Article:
top of page

What Makes a great

Motorcycle Shelter

RAMBLINGS / 04.10.2020 / Mike


First off, each to their own.


Looking back, we never got a bike and managed to keep it stock longer than a couple of weeks. Whether it's a full on rebuild, or just a simple subtle tweak. There are always things that come to mind to make the bike more our own and well, cutomise it. What works for one person doesn't necessarily work for the next.


Camping gear is no different. Some people love the sense of security that a conventional tent gives them, others would happily trade that for the freedom of being immersed in your surroundings.


I even heard of people who prefer to stay in hotels and BnB's – strange I know.

In the end, whether it's your bike or your tent, it's just gear, and gear has a purpose.

For us though, purpose isn't a matter of just being pragmatic. Much like why you spend hours sanding down your tank and giving it a different paint job. It doesn't change the performance of your bike, but that new paint job will make you feel differently when you look at your bike. It might give off a sense of adventure and get you excited and inspire your next trip.


So let's start with a list of things we were after when developing our dream Moto Shelter.


/ Immersive

/ Adaptable

/ Lightweight

/ Durable

/ Spacious



In our opinion the best camp nights are those when you can leave your tent all wrapped up and just sleep under the open sky.


But the weather can be a dick sometimes, and piss all over your camping dreams.

So the goal was to design a shelter that lets you sleep under the sky and with the pull of one string you can flip over a roof to keep the rain and the wind out.

I never understood why you'd travel to the most stunning places and then spend the night locked into a house of plastic. So sleeping open was key for us to have the best camping experience possible.


Moto Hobo is all about being down with Mother Nature. Spending some time together as you escape the world you're so familiar and comfortable with.

Being adaptable is a natural follow on from the previous point of being immersed. In other words, to fully immerse yourself in your environment you have to adapt to it.

And quite frankly, sometimes you find yourself stranded at the side of the road, and pitching a traditional tent just isn't an option.


Then being adaptable isn't a luxury but a necessity.

So when you unwrap your Rolling Palace you'll find a bunch of extra Anchor points. They allow you to pitch this thing in loads of different ways. 


Now that's stating the obvious – but we're on a motorbike here, not a truck. I've seen shelters around that weigh up to 10kg and take up more space than a pillion.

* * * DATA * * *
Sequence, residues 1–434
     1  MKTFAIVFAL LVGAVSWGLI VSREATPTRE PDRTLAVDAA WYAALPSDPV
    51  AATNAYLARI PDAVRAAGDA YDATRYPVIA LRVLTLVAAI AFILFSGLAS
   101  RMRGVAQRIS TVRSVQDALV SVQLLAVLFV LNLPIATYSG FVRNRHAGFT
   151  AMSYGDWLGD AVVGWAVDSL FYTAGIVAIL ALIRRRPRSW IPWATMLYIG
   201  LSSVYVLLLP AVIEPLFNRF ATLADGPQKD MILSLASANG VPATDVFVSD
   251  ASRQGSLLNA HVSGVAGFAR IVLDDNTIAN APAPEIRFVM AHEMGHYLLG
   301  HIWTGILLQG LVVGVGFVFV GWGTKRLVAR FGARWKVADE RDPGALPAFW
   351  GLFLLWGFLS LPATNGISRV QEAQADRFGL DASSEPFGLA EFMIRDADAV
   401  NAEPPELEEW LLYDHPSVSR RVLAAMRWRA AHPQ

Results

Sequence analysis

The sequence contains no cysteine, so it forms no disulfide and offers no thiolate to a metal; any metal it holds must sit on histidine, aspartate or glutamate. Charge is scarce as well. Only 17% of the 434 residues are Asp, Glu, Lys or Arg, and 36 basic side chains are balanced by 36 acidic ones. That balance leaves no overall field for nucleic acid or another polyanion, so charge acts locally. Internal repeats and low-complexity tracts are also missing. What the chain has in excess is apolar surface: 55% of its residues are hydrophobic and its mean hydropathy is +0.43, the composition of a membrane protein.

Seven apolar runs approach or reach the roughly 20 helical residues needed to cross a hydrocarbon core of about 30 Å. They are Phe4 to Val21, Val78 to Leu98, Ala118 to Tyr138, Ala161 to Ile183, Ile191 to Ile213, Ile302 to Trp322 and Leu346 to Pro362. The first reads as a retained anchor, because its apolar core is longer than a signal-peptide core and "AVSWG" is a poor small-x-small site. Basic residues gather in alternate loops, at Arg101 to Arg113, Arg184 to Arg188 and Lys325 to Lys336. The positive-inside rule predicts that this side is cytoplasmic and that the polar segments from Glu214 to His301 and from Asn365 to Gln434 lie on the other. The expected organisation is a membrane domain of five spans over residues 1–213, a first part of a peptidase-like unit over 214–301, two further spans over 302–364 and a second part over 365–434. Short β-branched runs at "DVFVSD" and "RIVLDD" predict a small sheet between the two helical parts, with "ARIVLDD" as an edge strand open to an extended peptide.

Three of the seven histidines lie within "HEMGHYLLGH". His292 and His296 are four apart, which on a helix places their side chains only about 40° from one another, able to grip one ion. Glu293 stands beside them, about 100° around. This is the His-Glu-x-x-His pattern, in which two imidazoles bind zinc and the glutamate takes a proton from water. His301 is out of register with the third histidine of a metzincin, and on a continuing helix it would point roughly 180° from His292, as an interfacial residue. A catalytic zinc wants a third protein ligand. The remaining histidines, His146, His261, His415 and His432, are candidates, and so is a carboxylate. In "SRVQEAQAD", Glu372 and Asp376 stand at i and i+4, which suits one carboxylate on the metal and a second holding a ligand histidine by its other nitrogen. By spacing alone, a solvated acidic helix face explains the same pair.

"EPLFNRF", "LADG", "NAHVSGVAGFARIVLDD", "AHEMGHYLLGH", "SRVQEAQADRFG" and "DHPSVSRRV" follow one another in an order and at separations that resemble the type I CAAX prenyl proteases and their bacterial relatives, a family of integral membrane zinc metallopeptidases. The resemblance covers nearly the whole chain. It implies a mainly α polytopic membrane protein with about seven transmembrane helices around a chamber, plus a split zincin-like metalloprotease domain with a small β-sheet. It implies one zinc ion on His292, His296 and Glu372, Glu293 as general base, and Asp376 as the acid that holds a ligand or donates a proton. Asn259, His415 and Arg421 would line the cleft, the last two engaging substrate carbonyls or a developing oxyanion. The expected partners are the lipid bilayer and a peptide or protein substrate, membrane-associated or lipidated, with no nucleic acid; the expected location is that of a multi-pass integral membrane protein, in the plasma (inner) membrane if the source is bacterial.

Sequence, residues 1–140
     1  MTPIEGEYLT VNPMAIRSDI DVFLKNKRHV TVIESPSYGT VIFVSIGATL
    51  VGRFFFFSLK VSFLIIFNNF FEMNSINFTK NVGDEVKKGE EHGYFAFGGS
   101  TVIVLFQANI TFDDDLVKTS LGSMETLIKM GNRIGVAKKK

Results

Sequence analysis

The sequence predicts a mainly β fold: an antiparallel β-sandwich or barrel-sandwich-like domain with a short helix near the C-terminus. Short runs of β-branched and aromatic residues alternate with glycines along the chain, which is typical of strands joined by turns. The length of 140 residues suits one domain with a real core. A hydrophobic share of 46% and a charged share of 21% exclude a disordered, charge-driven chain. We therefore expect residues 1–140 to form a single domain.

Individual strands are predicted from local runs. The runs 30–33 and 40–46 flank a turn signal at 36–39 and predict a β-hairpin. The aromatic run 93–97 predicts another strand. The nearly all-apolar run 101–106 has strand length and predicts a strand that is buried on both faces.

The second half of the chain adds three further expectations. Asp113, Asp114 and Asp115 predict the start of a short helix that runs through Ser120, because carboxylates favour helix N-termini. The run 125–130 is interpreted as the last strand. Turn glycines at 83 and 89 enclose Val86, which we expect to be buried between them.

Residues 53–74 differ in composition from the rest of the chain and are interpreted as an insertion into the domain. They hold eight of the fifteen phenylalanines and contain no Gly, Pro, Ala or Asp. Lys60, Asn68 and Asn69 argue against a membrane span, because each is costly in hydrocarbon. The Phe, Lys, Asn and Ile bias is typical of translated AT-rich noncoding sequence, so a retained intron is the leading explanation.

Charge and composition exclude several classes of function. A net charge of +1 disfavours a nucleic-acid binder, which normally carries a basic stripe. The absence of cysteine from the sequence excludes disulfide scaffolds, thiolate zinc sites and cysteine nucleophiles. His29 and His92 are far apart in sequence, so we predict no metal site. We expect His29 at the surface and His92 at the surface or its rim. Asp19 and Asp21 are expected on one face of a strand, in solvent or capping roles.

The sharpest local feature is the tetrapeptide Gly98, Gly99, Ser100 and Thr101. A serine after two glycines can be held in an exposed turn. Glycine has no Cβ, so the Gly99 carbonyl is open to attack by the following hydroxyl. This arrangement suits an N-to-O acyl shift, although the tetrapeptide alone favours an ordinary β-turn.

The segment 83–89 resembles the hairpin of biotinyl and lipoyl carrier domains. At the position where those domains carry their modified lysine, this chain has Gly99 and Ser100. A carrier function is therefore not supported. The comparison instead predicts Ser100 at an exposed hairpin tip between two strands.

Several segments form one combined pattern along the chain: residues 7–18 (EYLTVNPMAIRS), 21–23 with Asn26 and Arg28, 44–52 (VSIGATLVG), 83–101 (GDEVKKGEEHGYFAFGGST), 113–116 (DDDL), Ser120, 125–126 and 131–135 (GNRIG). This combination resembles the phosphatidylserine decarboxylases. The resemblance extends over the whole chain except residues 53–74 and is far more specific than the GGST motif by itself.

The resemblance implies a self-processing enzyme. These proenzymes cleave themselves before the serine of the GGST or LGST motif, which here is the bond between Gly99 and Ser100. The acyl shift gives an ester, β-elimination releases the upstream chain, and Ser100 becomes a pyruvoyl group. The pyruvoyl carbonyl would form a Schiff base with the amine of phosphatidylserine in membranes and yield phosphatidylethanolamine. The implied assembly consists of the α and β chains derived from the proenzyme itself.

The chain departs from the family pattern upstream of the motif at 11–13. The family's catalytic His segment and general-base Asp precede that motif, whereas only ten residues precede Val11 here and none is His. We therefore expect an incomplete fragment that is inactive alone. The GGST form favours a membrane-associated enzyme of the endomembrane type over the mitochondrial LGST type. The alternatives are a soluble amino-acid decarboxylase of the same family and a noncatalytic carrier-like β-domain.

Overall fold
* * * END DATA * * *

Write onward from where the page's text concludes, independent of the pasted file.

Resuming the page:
Again, each to their own – for our trips though, that would be a NoGo. Your sleeping gear is just part of your kit. You'll also be packing a cooker, food, whisky, beer, slippers – you gotta pack slippers, a spade to burry your shit, a bag for your empties, swimming pants, your camera, some bluetooth speakers, tools, spare parts, jeez... some even carry chair and table. Granted, some things are more curcial than others, but you wanna take some good stuff with you to have a good time.

Never the less, space is limited. And the lighter you can keep your bike, the more fun it is to ride it. When we reached an overall weight of 2kg and pack size of 35 x 15 cm we knew we had a concept that is perfect for motorcycle camping.




We've got enough landfill. And if we don't take care of the environment we soon will be running out of spots worth camping in, let alone ride through. So where we can we try and avoid virgin materials. Like our reclaimed vintage Swiss Army tent poles for example.

Looking at the bag of the tent we chose a tough plain cotton. The pegs are angled steel, so none fo those flimsy wire hooks that bend out of shape after hitting the tiniest of rocks.

The Rope is paracord. Durable yet thin. It even comes in handy when you need to fix something on your bike in a pinch.

The main piece, the flysheet. It is thicker than your average tarp and has an extra layer of PU coating. Giving it 5000 mm of waterproofness. Unlike cotton, this syntectic material doesn't soak up any water and dries quick. Again this was important to us as we usually don't stay at our camp long enough for our gear to dry up. We wanna be able to hit the road again, and not having to pack a tent that is now twice as heavy because of all the water it soaked up over night.

Another benefit of the double layered PU coating is that this flysheet is now way tougher against stretch, tear and UV rays.


Sometimes all the stars align and my wife can carve out some time to come along camping. So now you got 2 people on your bike. Two sets of slippers. More whisky. More food. See how important it is now, having kept the weight and packsize to a minimum?

The Rolling Palace is a bit like a fat burrito and it straps to the forks no problem. It's out of the way and uses its own straps not just to hold the bag tight but also strap it to your bike. Leaving the back of the bike free for the two of us and our luggage. 

Most convetional tents are 50 cm and wider due to their sectioned tent poles being this long. Sure you could strap that to your forks, but it'll catch a hell lot more wind and make your ride super wide up front. Those Swiss Army poles came in super handy here.

Anyhow, packing small was taken care of, but now this thing had to do its biggest magic trick and pop open to a full on 2 person shelter. Plus some addional room for your riding and camping gear.

We ended up getting a footprint of a kingsize bed, 150 x 200 cm and 90 cm height to sit upright in. Plus two compartments either side of the pole to put all your shit.

Rolling Palace by Sea of Rocks 102.jpg
bottom of page